Sen. Mitt Romney, R-Utah, criticized the Trump administration during a Senate hearing Tuesday for its rosy portrayal of coronavirus testing in the U.S. since the start of the pandemic.

Romney addressed his remarks to Dr. Brett Giroir, assistant secretary for health at the Department of Health and Human Services, who took part in a White House event Monday that was devoted to its coronavirus response.

“Yesterday you celebrated that we had done more tests and more tests per capita even than South Korea,” Romney said. “You ignored the fact that they accomplished theirs at the beginning of the outbreak, while we treaded water during February and March. I find our testing record nothing to celebrate whatsoever.”

Sen. Mitt Romney, R-Utah, speaks via teleconference during a Senate Health, Education, Labor and Pensions Committee hearing on new coronavirus tests on May 7. (AP Photo/Andrew Harnik, Pool)

He said that while the U.S. had indeed ramped up testing for coronavirus, it was not sufficient in the early stages of the outbreak. Romney, who has often clashed with the president and voted for his removal from office in the Senate impeachment trial earlier this year, also noted that by March 6, the U.S. had conducted only 2,000 tests while South Korea had completed 140,000. Romney added that this early testing explains why just 258 people as of Tuesday had so far been killed by COVID-19 in South Korea as opposed to more than 80,000 in the U.S.

During Monday’s press briefing at the White House, banners were hung that read “America Leads the World in Testing,” and Trump boasted that the U.S. has tested “far more” people than any other country. He also repeated a claim that any American who “wants” to be tested for coronavirus can have a test, even though that isn’t the case for most Americans.

Giroir, who heads the coronavirus response for HHS, clarified Monday that anyone who meets the criteria for being tested and “needs” a test can have one.

South Korea and the U.S. both detected their first cases of the coronavirus on Jan. 20. While South Korea ramped up testing and contact tracing, the Trump administration spent weeks downplaying the virus, and the president stated that he wanted less testing because higher numbers would make him look bad.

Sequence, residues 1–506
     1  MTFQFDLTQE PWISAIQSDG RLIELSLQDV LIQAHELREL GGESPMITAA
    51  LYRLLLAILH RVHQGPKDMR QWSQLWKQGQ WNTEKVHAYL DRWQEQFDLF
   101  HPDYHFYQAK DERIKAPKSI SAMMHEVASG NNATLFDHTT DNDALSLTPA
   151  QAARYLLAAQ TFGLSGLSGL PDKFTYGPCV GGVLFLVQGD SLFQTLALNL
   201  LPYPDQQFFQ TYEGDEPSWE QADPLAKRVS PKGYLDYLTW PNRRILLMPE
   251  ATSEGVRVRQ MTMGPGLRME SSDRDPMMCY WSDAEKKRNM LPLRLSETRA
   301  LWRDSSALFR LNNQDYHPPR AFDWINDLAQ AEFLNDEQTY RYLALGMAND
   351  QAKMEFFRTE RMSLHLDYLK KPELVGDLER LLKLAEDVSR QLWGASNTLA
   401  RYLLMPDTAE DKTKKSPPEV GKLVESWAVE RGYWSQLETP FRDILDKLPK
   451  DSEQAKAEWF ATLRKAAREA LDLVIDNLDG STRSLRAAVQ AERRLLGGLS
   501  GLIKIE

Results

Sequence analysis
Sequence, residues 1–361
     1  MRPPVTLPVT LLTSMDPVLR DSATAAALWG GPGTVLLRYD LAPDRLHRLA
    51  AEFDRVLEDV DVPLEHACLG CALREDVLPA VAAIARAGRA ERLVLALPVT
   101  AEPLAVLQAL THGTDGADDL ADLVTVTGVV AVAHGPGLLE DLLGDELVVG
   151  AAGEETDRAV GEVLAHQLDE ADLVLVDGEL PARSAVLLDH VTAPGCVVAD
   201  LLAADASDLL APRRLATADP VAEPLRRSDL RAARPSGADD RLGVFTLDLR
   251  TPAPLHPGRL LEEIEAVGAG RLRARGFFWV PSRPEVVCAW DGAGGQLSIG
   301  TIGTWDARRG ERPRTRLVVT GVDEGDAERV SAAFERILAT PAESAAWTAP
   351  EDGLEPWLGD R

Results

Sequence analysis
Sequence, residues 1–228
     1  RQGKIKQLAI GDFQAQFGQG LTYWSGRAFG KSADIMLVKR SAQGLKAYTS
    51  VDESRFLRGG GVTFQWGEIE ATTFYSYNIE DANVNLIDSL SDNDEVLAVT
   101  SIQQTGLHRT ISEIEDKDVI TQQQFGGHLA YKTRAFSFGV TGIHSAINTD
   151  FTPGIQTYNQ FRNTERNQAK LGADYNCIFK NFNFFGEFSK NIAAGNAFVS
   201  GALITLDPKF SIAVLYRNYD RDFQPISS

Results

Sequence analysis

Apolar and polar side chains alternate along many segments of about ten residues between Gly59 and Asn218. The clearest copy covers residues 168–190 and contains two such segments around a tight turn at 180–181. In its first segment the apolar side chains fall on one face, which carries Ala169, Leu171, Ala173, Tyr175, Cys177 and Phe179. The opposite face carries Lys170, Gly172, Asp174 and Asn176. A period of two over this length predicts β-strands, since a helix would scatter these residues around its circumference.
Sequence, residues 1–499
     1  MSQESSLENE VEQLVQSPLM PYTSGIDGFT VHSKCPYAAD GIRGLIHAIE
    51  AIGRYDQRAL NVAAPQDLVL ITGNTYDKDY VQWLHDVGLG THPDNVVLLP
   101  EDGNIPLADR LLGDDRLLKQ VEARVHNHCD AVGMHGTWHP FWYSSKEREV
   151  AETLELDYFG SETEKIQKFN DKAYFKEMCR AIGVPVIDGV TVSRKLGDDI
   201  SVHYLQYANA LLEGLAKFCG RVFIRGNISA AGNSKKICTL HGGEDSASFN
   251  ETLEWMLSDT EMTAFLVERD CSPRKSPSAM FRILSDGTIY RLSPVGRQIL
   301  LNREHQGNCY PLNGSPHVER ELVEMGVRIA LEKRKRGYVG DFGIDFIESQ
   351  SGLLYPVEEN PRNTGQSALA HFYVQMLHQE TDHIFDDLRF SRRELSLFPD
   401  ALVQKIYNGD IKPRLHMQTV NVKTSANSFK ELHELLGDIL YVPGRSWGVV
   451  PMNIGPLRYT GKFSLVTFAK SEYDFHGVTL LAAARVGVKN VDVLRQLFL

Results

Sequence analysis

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Politico reported that the president discouraged widespread testing for the virus to keep the number of confirmed infections low. Trump said as much on March 6 when he discussed keeping sick people on a cruise ship off the coast of California because he didn’t want them counted in the U.S. total.

“I would rather because I like the numbers being where they are,” Trump said. “I don’t need to have the numbers double because of one ship that wasn’t our fault. And it wasn’t the fault of the people on the ship either, OK? It wasn’t their fault either, and they’re mostly Americans. So, I can live either way with it. I’d rather have them stay on, personally.”

Following Romney’s vote on impeachment, Trump made him the only Republican senator not to receive an invitation to join his coronavirus advisory group. 

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Click here for the latest coronavirus news and updates. According to experts, people over 60 and those who are immunocompromised continue to be the most at risk. If you have questions, please refer to the CDC’s and WHO’s resource guides. 

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